How do you find your audience, the people who are potentially going to become your customer?
That is a really interesting question. So I can tell you the process in which I went in order to get into the contemporary ceramic field which was to eventually find my audience. I was making a bunch of work and I thought it was pretty good and I wasn’t putting it out there , I was just making a bunch and showing my friends or my teachers and I got to a place where I realized if I wanted people to know who I was I had to start showing a lot. So I went through a stint for about two years where I just applied to anything that applied to my subject matter. I applied to mainly ceramic shows because that is where I wanted to get a reputation and in through getting that reputation and showing all over the nation slowly but surely pieces started to sell. and then I started to approach galleries and galleries started to approach me and I would say that I don’t know exactly who my audience is but my galleries do.
Do you prefer representation besides you having to hawk the wares so to speak?
I hawked the wares for two years at these art fairs in Florida where you travel and set up a booth and stuff like that and I hated it. I was not into the constant talk about grand kids or whatever, I had a really hard time being there and present for it. It was really nice when you do those shows because if I had a good show I would get a really large profit and when I got into galleries, of course, they would take 50 percent. So it was a little bit of , Okay, is that going to work for you? At the end of the day it does because I do not have to do that hawking anymore. So I like representation because it’s something where I make a piece and it’s awesome and I pack it up and I’m done and then I get a check. I try to piece it so I am okay with whatever the fifty percent is, you know what I mean? So I don’t feel totally slashed but that has been so much better for me.
Why all the extra effort with so many Instagram accounts?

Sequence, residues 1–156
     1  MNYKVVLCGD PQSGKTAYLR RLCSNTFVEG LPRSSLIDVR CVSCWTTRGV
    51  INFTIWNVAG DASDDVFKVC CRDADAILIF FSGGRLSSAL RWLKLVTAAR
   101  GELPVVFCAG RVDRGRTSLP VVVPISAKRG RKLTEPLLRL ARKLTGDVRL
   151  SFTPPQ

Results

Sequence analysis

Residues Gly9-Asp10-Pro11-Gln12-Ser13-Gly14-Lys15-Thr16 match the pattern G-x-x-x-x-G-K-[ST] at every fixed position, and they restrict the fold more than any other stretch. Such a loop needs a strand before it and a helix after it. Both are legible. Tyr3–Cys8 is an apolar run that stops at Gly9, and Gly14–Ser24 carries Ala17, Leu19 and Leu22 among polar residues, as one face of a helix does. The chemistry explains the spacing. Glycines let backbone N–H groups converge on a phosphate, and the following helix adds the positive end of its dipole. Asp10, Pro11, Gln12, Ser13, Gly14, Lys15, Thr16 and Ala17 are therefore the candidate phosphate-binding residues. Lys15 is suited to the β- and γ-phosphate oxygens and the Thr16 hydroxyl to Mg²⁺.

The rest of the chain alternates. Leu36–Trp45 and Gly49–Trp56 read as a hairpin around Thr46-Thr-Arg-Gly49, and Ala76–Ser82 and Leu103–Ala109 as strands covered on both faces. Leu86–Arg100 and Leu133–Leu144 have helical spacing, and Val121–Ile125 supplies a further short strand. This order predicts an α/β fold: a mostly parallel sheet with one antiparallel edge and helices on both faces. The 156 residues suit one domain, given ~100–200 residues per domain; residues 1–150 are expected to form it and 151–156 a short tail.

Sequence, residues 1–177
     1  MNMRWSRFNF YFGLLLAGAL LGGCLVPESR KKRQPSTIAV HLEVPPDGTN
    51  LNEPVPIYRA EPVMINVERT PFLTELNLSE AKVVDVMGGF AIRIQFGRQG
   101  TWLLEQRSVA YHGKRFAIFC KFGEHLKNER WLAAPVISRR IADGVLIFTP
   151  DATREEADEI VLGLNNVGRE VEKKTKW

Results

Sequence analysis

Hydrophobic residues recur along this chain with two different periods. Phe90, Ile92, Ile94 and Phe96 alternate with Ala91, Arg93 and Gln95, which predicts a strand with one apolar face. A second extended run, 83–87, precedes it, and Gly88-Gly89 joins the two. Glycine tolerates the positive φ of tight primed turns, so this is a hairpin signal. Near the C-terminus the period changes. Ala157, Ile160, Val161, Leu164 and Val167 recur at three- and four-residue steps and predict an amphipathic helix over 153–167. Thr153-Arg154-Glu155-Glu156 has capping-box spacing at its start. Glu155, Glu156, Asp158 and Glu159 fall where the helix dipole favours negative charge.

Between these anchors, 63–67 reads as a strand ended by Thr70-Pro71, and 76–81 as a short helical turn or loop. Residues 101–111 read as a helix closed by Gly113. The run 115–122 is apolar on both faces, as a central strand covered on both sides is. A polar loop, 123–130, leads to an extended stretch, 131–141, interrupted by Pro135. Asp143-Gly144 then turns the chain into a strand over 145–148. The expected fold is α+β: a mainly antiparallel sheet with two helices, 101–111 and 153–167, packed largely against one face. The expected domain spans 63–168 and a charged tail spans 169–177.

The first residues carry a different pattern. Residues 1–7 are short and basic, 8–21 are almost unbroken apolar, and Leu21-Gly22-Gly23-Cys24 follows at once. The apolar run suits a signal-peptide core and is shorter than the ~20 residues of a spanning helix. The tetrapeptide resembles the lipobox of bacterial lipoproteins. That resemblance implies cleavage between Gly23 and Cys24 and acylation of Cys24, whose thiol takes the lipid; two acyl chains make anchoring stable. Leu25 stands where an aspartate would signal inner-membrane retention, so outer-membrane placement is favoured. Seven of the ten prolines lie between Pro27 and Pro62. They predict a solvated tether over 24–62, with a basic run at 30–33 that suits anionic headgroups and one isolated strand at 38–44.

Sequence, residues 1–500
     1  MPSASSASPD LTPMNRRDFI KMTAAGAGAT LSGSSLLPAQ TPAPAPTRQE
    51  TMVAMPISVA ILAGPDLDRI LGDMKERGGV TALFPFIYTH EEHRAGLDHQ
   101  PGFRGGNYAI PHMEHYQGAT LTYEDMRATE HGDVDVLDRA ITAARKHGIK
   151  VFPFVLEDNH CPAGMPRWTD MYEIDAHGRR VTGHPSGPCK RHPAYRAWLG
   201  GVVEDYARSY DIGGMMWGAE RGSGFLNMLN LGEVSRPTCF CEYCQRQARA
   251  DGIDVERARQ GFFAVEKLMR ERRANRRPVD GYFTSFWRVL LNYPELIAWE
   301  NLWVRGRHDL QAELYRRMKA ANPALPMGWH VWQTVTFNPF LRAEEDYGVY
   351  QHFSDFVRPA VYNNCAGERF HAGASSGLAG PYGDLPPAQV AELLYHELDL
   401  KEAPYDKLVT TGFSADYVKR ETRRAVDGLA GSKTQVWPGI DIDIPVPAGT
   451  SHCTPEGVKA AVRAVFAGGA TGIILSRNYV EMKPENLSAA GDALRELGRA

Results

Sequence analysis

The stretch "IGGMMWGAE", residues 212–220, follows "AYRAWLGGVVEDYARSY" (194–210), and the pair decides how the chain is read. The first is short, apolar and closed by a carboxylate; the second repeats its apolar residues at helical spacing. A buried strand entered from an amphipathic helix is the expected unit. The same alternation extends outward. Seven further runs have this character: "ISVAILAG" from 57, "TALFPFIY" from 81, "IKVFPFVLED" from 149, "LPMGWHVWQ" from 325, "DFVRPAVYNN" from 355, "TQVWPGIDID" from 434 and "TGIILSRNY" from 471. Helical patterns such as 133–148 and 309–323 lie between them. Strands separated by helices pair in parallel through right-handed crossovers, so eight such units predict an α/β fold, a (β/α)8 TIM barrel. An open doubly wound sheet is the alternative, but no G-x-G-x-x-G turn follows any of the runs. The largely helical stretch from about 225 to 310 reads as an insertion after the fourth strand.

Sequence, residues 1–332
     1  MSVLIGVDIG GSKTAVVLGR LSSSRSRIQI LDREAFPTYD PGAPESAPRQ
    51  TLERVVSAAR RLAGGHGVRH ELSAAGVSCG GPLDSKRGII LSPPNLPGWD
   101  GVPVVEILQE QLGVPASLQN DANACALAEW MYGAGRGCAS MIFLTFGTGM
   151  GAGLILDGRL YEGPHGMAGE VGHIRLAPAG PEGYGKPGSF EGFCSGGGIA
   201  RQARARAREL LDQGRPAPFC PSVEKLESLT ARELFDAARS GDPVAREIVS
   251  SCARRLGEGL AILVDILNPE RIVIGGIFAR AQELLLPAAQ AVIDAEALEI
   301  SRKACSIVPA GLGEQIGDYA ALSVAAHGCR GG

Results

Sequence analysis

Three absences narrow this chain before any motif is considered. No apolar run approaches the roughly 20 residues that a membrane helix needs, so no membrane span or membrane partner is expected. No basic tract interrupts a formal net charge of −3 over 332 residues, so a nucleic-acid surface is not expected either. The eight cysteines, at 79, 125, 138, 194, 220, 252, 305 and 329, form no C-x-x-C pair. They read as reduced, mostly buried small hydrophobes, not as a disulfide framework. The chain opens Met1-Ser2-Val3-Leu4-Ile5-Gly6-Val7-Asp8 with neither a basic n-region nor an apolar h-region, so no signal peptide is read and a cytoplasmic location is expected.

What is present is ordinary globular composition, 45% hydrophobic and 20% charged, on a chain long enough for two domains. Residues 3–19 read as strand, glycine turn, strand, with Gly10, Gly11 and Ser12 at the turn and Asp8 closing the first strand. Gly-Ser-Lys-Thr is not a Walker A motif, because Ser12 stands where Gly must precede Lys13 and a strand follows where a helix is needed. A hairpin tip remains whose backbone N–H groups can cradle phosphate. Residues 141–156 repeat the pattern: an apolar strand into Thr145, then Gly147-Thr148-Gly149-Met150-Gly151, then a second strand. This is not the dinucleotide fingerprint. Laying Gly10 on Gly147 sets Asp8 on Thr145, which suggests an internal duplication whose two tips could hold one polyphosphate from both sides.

That’s a good question. The ceramic causality which we kind of discussed earlier, I just really wanted to have a site in which people could go to and relate to all of the issues. I also started that when I was teaching at Albern because a lot of my students wouldn’t listen to me. So I am going to show image after image of what happens when you don’t wipe glaze off the bottom of a pot, even a small little dot you think isn’t gong to do anything is definitely going to stick and maybe rip off a chunk of your cup. So I did that for that purpose. And then I started the contemporary clay culture, it was a different thing a couple of years ago where it was a collective and we worked together and that dissolved and I kind of picked it back up to a place where I really just wanted to show as much clay and I wanted to have a feed that was all sculpture so everyone could see all the different varieties. The last one is a little collective in the Sarasota/St Pete area and I started it with another ceramic artist named Andrew Long and we started it because we got locked up in a Pandemic and decided something good had to come out of this. So we made this little collective and I think we are going to do a raffle pretty soon for BLM and we are doing a weird exquisite corpse where we are sending each other pictures and building off of that and we plan to have shows. We are hoping to grow into a ceramic voice down here in Florida.